**** See Bottom of Page for Minnesota and Florida Permit to Carry Reciprocity Maps****
Minnesota Permit to Carry:
Shall Issue to Residents and Non-Residents
Example of Minnesota Concealed Weapon Permit
The issuing authority is the local chief of police or the county sheriff. Non-residents may apply to any Minnesota county sheriff.
Out Of State Permit Issue:
Permit Valid For:
New and renewal permits are valid for five (5) years from the date of issuance. Emergency permits are valid for 30 days.
Permit Issued Timeline:
The county sheriff must either issue or deny a permit within 30 days of the application date.
The fee for a new permit to carry will be determined by the county sheriff, not to exceed $100. A fee for a renewal permit (applied for before the expiration date of a current permit to carry) will be determined by the county sheriff, not to exceed $75. An additional $10.00 fee will be charged for those applying for a renewal after the expiration date on the previous permit, but within 30 days of that expiration date.
1. Must be at least 21 years of age
2. Must complete an application form
3. Must not be prohibited from possessing a firearm under Minnesota Statute 624.714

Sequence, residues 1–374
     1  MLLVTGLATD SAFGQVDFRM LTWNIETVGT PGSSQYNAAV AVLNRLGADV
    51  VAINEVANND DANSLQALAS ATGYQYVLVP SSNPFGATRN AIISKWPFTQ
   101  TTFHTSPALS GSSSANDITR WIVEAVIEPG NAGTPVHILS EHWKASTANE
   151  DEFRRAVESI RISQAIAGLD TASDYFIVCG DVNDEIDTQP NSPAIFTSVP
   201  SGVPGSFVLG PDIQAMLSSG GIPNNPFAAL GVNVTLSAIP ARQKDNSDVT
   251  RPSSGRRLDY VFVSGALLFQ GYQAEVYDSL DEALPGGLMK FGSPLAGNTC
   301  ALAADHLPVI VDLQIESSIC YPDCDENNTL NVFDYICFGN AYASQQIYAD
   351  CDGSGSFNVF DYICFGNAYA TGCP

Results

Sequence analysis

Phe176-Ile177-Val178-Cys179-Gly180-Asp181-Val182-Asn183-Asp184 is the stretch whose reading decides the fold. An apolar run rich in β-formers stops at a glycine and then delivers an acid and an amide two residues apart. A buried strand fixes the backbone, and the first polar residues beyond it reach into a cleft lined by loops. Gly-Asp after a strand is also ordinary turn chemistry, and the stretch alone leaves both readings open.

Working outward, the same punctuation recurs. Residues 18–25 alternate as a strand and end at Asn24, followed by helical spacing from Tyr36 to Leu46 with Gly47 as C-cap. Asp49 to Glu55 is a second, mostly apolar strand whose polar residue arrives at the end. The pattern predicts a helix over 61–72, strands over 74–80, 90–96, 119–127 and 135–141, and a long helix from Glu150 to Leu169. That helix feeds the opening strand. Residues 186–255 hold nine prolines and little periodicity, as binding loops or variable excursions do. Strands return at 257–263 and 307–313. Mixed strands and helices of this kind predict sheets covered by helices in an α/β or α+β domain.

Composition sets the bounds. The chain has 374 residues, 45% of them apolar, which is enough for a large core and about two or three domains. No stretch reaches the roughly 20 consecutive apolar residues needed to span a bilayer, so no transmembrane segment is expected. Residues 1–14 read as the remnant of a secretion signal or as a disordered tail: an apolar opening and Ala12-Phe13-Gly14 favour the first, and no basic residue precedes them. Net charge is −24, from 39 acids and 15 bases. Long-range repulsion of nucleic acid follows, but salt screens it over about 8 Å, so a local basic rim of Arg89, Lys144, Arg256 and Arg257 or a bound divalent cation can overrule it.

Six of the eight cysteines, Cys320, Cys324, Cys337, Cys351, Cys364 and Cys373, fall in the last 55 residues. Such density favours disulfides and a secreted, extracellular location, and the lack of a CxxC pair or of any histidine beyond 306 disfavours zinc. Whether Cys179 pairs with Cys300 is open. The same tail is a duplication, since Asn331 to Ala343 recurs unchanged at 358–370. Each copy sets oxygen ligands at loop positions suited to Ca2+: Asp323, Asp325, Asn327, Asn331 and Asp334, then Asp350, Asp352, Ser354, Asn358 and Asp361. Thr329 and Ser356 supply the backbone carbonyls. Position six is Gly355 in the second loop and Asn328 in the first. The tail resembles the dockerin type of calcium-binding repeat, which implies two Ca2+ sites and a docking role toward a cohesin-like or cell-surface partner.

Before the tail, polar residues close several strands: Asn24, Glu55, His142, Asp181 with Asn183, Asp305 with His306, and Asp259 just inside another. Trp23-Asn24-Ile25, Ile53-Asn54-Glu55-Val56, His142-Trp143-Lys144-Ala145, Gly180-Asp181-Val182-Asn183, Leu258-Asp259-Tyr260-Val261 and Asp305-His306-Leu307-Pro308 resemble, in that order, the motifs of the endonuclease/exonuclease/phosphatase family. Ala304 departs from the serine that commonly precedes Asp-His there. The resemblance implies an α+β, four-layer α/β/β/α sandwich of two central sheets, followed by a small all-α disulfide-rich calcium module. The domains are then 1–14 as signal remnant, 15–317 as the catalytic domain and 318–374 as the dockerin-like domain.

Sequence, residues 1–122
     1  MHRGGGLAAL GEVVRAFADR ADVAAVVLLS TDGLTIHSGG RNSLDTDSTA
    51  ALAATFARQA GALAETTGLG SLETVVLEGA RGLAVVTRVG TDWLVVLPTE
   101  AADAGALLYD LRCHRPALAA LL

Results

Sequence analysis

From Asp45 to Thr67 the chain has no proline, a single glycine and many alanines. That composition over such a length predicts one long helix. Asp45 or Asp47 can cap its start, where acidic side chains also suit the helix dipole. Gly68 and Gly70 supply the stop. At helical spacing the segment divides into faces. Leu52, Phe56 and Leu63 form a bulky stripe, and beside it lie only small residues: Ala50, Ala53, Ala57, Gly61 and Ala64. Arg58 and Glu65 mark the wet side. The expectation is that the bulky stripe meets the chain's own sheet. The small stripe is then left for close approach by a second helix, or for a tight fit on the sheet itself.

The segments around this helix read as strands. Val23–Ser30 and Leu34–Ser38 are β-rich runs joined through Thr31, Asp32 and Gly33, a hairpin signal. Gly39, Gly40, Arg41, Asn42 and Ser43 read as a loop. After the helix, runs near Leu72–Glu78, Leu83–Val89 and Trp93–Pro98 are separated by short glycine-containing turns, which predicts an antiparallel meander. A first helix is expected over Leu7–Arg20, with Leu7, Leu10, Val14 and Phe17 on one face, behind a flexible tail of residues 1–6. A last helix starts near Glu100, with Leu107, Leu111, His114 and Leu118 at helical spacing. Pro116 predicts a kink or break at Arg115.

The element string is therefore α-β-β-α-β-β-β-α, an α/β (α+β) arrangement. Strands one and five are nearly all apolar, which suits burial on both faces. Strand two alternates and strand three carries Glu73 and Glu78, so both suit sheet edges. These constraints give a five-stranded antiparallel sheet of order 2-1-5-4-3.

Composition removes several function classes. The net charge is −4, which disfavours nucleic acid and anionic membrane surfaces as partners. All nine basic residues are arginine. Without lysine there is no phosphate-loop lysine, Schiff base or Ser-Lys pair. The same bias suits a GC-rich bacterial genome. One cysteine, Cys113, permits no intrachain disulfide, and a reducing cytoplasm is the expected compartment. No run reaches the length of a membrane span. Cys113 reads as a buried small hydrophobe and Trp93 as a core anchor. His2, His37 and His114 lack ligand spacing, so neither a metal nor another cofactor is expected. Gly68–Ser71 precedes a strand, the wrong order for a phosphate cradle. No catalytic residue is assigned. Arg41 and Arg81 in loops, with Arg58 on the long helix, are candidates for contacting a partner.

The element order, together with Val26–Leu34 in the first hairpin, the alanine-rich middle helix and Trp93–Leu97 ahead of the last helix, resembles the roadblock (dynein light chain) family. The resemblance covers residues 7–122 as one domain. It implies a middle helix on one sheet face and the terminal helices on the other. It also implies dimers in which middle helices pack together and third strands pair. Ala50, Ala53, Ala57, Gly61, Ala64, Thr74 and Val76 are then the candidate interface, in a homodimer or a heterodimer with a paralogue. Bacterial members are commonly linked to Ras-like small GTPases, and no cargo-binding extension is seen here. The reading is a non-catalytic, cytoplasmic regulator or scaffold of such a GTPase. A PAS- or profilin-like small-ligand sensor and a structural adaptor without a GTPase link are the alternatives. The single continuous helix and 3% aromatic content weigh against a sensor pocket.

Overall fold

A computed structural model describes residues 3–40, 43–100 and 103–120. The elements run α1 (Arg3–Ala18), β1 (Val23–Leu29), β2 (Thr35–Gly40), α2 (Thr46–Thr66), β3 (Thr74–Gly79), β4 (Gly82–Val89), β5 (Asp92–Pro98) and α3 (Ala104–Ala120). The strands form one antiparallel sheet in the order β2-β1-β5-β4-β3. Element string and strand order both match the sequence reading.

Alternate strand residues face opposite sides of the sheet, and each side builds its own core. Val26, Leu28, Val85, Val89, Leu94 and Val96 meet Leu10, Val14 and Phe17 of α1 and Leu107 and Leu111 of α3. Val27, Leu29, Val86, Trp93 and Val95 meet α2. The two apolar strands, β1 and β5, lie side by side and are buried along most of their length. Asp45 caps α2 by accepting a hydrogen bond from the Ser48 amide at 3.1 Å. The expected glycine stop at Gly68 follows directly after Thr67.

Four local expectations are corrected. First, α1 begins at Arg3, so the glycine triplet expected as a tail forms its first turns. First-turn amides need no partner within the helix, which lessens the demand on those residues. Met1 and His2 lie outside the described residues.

4. Must not be listed in the criminal gang investigation system
5. Must be a resident of the county from which you are requesting a permit, if you reside in Minnesota. Non-residents may apply to any Minnesota county sheriff.
6. Must provide certificate of completed authorized firearms training. Training by a certified instructor and completed within one year of an original or renewal application. (624.714, Subd. 2a)
1. Completed application
2. Copy of your training certificate
3. Copy of your driver’s license
4. State ID Card or Passport photo
5. Application Fee
Permits must be renewed at the county Sheriff’s office in the county where the applicant currently resides. Out of state permit holders can renew at any sheriff’s office. Not prior to 90 days of the expiration date of the current permit. The maximum renewal gun permit fee will be $75.00.